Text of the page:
Objectives: I examined workplace injury risk over time and across racial/ethnic and gender groups to observe patterns of change and to understand how occupational characteristics and job mobility influence these changes.
Methods: I used hierarchical generalized linear models to estimate individual workplace injury and illness risk over time ("trajectories") for a cohort of American workers who participated in the National Longitudinal Survey of Youth (1988-1998).
Results: Significant temporal variation in injury risk was observed across racial/ethnic and gender groups. At baseline, White men had a high risk of injury relative to the other groups and experienced the greatest decline over time. Latino men demonstrated a pattern of lower injury risk across time compared with White men. Among both Latinos and non-Latino Whites, women had lower odds of injury than did men. Non-Latino Black women's injury risk was similar to Black men's and greater than that for both Latino and non-Latino White women. Occupational characteristics and job mobility partly explained these differences.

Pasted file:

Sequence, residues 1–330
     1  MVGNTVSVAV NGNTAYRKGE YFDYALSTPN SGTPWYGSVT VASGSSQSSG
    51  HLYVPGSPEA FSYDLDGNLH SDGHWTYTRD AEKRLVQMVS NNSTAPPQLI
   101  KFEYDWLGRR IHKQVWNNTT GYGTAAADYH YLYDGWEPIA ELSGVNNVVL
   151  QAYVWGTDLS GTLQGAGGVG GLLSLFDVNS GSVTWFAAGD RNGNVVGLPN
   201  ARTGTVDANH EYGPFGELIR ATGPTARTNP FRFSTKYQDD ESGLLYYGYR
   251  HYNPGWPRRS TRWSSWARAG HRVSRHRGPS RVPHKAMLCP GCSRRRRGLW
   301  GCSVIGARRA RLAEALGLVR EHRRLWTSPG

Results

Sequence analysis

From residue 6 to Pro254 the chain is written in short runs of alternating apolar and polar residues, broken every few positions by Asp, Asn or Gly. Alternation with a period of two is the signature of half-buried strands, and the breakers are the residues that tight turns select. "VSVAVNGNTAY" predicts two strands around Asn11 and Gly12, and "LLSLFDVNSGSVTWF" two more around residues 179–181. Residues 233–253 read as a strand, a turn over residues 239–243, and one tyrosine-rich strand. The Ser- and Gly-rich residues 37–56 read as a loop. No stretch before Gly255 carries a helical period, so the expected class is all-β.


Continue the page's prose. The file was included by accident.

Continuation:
Conclusions: Disparities between racial/ethnic and gender groups were dynamic and changed over time. Workplace injury risk was associated with job dimensions such as work schedule, union representation, health insurance, job hours, occupational racial segregation, and occupational environmental hazards.